After a slight slowdown in home sales in January, the Austin area’s pace of home sales bounced back in February, according to a new report from the Austin Board of Realtors. And that continued growth in sales and population is stoking conversations about whether Austin’s infrastructure can keep pace with its growth.
Single-family home sales in the Austin area increased by almost 3 percent in February, compared to the same month last year, reaching 1,783 transactions. The median price of those homes climbed even faster, reaching $269,900 — or an 8 percent increase compared to last February.
Those increases are part of a long climb for Austin area home prices and sales in recent years, and ABoR President Aaron Farmer said the city’s rapid population growth is putting a lot of pressure on local infrastructure.
“Austin-area residents are relocating farther and farther outside of Austin due to affordability issues and yet are spending more and more time stuck in traffic each year,” he said. “With the rate our region’s population is growing, this is simply not sustainable.”
But the city is pursuing a few projects that could change that. One, for example, is the city’s effort to win a $50 million government grant to build several features of a future “smart city.” That could help integrate self-driving vehicles into the city’s transportation network and use other technologies to decrease congestion throughout the city. That, however, could take years to realize, if the city can beat out several other cities competing for the money.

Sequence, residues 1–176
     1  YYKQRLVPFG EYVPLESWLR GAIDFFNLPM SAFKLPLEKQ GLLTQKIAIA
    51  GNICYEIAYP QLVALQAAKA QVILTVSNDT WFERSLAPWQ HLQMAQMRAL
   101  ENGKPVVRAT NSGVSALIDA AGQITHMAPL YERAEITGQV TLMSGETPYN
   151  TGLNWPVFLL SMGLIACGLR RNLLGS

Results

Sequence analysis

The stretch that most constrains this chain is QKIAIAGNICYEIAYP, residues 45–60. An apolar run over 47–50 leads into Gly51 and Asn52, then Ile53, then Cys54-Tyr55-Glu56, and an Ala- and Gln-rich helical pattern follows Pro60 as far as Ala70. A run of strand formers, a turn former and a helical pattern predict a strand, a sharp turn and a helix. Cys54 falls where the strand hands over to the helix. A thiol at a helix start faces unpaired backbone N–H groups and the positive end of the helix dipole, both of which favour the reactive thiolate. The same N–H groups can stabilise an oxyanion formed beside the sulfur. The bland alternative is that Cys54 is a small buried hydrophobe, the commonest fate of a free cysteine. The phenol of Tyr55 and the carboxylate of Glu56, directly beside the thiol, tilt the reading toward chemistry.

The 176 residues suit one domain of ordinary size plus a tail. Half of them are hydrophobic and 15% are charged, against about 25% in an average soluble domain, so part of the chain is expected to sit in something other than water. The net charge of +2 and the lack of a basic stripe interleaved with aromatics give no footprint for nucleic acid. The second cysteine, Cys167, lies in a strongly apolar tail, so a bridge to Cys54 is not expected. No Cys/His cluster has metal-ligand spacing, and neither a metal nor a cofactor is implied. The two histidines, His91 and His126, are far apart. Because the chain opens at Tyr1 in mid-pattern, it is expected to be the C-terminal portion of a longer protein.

“We stay on top of the main mobility initiatives in Central Texas, such as the MoPac Improvement Project, and get involved as projects are planned and developed,” said David Hood, chair of ABoR’s transportation policy team. “ABoR represents a diverse group of realtors and homeowners across Central Texas, so we look at how a transportation project or proposal will impact these unique populations and the entire region in the long term.”
Meanwhile, the metro area’s housing inventory struggles to grow. It’s currently at about 2.1 months worth of housing options, significantly short of the 6.5 months required to be classified as a balanced market.
New listings climbed by 11.1 percent to 2,793 listings in February and active listings increased by 10 percent year-over-year reaching 4,871 listings.
Here are other stats from February 2016
- 1,783 – Single-family homes sold, 2.9 percent more than February 2015.
- $269,900 – Median price for single-family homes, 8.0 percent more than February 2015.
- $333,011 – Average price for single-family homes, 7.6 percent more than February 2015.
- 62 – Average number of days single-family homes spent on the market, three days more than February 2015.
- 2,793 – New single-family home listings on the market, 11.1 percent more than February 2015.
- 4,871 – Active single-family home listings on the market, 10 percent more than February 2015.
- 2,346 – Pending sales for single-family homes, 12.3 percent more than February 2015.
- 2.1 – Months of inventory* of single-family homes, 0.1 months more than February 2015.
- $593,758,953 – Total dollar volume of single-family properties sold, 10.7 percent more than February 2015.